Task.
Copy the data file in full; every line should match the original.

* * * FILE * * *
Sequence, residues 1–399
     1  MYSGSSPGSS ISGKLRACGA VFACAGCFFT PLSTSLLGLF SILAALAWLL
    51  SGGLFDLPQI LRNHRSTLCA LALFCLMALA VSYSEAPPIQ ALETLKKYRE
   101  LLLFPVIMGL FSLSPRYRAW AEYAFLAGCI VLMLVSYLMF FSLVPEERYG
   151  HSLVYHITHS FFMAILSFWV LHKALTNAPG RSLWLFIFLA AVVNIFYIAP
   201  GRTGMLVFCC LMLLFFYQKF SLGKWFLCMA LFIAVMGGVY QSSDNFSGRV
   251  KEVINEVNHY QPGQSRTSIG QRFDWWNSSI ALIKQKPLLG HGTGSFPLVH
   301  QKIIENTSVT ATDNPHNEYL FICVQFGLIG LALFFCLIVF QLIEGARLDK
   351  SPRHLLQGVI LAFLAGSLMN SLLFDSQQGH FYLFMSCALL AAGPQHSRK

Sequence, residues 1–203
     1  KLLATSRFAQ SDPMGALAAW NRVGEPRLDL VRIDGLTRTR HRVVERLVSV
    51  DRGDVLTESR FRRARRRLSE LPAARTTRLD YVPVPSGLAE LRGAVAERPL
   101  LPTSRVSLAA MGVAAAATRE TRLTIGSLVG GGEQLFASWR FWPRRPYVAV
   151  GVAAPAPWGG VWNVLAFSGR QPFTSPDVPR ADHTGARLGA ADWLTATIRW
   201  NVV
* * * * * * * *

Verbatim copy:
Sequence, residues 1–399
     1  MYSGSSPGSS ISGKLRACGA VFACAGCFFT PLSTSLLGLF SILAALAWLL
    51  SGGLFDLPQI LRNHRSTLCA LALFCLMALA VSYSEAPPIQ ALETLKKYRE
   101  LLLFPVIMGL FSLSPRYRAW AEYAFLAGCI VLMLVSYLMF FSLVPEERYG
   151  HSLVYHITHS FFMAILSFWV LHKALTNAPG RSLWLFIFLA AVVNIFYIAP
   201  GRTGMLVFCC LMLLFFYQKF SLGKWFLCMA LFIAVMGGVY QSSDNFSGRV
   251  KEVINEVNHY QPGQSRTSIG QRFDWWNSSI ALIKQKPLLG HGTGSFPLVH
   301  QKIIENTSVT ATDNPHNEYL FICVQFGLIG LALFFCLIVF QLIEGARLDK
   351  SPRHLLQGVI LAFLAGSLMN SLLFDSQQGH FYLFMSCALL AAGPQHSRK

Sequence, residues 1–203
     1  KLLATSRFAQ SDPMGALAAW NRVGEPRLDL VRIDGLTRTR HRVVERLVSV
    51  DRGDVLTESR FRRARRRLSE LPAARTTRLD YVPVPSGLAE LRGAVAERPL
   101  LPTSRVSLAA MGVAAAATRE TRLTIGSLVG GGEQLFASWR FWPRRPYVAV
   151  GVAAPAPWGG VWNVLAFSGR QPFTSPDVPR ADHTGARLGA ADWLTATIRW
   201  NVV